Small business unfair dismissal regulation to be blocked

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Small business unfair dismissal regulation to be blocked

The federal Government has promised to enact legislation completely exempting small businesses from the federal unfair dismissal laws unless the Senate passes its small business exemption regulation.

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The federal Government has promised to enact legislation completely exempting small businesses from the federal unfair dismissal laws unless the Senate passes its small business exemption regulation.

The Government introduced its small business exemption regulation (the details of which were discussed in HR Link of 13 May (Issue No 062/97) and 14 April (Issue No 049/97)) into the Parliament on 13 May.

It is understood that the Senate has 15 days from that date within which to either pass the regulation or reject it.

Both the Labor Party and the Democrats have stated that they are ‘totally opposed’ to the regulation.

The Government has responded by threatening to act in the manner described above. Clearly, the Government is intent on forcing the Senate to pass the regulation, however, the threatened legislation may also serve as a trigger for a double dissolution.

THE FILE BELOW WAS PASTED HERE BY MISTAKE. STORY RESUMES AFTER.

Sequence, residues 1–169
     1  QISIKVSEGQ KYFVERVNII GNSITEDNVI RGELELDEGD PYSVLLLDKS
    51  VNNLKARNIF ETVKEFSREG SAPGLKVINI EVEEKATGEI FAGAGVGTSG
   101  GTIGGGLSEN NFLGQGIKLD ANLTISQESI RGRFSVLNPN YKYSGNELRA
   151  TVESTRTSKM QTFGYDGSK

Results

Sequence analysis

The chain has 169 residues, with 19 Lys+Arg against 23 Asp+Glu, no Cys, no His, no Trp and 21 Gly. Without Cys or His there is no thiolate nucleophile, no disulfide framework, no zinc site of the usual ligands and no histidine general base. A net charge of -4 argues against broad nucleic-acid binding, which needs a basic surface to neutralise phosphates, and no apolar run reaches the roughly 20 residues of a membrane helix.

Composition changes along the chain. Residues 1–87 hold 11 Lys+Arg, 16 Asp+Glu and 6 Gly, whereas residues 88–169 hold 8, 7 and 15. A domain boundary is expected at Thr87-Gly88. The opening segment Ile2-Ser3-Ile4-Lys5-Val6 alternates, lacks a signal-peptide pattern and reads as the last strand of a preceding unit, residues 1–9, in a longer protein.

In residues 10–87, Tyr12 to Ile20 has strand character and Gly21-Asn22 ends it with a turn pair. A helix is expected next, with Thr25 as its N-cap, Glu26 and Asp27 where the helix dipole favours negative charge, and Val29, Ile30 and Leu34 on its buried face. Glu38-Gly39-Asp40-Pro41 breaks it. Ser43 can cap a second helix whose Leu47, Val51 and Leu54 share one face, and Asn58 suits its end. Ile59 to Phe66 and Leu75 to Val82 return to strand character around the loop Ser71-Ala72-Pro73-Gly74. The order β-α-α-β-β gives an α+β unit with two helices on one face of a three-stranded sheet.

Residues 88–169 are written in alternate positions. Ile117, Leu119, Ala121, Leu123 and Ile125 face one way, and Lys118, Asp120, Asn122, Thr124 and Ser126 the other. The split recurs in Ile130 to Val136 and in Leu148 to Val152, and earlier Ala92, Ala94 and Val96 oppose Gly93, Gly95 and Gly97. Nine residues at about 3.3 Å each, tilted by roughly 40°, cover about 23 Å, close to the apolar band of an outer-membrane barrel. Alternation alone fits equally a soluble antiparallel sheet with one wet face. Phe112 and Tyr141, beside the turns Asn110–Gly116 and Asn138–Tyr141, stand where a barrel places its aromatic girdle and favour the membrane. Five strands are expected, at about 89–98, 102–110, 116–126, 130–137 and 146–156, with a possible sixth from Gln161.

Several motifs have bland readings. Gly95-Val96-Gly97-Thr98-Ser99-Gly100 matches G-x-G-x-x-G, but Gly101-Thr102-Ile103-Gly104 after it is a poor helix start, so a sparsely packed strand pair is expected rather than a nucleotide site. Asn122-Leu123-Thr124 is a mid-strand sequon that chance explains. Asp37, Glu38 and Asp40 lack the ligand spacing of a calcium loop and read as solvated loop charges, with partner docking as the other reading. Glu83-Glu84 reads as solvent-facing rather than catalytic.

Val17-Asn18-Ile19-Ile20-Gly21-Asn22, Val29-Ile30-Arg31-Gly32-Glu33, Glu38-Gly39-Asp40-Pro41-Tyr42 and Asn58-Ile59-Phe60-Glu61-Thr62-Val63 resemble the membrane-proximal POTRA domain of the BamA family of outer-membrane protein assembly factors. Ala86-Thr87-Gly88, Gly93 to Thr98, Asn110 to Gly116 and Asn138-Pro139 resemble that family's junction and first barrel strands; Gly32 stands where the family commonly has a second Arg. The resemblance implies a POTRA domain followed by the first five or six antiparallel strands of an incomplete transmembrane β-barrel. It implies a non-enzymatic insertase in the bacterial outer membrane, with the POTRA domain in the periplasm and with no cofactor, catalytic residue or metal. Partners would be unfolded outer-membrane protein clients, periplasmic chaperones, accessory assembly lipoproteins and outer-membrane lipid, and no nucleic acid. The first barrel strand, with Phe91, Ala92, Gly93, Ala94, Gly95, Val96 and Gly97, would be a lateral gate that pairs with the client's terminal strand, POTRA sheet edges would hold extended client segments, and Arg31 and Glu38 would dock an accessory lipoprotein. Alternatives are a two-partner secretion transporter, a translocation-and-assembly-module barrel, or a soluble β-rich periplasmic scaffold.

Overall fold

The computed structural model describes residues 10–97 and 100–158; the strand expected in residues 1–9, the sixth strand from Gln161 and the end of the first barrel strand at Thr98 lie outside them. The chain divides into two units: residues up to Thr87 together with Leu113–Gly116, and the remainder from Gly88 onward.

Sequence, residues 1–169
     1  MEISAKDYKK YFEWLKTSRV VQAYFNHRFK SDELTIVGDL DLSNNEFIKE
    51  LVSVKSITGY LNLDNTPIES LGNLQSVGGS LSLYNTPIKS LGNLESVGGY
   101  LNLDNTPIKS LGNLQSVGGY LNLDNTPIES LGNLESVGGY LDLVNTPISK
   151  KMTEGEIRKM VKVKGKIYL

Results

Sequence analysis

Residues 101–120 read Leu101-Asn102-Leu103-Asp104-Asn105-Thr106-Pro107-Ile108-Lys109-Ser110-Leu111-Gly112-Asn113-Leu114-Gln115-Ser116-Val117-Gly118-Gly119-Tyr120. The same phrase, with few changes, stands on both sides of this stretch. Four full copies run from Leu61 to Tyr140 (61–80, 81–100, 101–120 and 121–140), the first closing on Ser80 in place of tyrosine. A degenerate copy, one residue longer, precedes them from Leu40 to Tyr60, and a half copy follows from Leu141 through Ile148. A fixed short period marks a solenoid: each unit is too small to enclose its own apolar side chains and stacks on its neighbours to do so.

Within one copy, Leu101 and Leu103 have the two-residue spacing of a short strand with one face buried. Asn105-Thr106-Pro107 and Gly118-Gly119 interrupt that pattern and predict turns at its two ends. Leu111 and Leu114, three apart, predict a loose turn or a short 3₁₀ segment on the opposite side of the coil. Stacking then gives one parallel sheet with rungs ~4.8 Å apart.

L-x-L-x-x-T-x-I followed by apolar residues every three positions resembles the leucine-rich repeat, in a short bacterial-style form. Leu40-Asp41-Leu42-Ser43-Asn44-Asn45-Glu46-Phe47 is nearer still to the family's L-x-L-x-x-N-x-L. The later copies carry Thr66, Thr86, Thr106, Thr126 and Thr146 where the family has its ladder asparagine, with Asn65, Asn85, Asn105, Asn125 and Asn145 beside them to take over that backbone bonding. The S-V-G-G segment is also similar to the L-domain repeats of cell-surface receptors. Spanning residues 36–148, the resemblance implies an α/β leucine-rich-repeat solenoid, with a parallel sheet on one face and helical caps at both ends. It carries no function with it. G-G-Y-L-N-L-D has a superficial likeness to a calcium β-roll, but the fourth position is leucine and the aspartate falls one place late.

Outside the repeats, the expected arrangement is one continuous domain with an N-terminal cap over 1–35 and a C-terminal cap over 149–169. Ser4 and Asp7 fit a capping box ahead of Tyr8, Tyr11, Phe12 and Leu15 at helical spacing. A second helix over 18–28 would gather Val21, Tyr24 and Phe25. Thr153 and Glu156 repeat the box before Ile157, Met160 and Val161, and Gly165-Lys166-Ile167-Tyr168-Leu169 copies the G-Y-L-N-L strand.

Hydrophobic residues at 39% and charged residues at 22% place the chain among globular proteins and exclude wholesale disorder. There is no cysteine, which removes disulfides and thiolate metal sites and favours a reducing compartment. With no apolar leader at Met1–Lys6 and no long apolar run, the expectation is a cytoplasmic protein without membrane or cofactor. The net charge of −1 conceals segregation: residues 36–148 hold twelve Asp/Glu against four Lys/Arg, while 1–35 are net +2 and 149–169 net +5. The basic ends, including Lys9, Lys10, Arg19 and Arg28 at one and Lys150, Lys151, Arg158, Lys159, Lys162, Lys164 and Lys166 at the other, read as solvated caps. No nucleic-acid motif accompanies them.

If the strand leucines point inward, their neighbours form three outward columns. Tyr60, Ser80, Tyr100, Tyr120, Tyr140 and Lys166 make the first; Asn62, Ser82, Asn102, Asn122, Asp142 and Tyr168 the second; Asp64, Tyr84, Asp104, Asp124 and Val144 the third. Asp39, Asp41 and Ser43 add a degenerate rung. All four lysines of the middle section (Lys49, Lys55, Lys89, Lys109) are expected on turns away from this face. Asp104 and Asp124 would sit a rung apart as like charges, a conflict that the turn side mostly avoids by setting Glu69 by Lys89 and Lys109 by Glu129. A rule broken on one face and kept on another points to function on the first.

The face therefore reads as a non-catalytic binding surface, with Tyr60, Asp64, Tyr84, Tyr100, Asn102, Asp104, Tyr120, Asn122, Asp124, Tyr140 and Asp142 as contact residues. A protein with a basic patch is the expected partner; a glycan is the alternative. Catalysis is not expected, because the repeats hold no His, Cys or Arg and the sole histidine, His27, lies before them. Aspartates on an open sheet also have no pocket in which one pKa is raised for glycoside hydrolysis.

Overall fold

A spokesman for the federal Democrat’s Leader, Cheryl Kernot, has told the Chamber that the Government’s legislation threat has not altered the Democrat’s attitude on this matter one iota.

Similarly, a spokesman for the Shadow Industrial Relations Minister, Bob McMullan, has stated that the Labor Party will, as a matter of principle regardless of the political cost, oppose any such legislation.

And as far as the possibility that the legislation may act as a double dissolution trigger, the Shadow Minister’s spokesman stated that if that is what the Government wants then that is what they will get.

An important point to be made on all this is that the experience of the last thirty years tell us that t issue that is used for a double dissolution is rarely the issue on which the subsequent election is fought.

 
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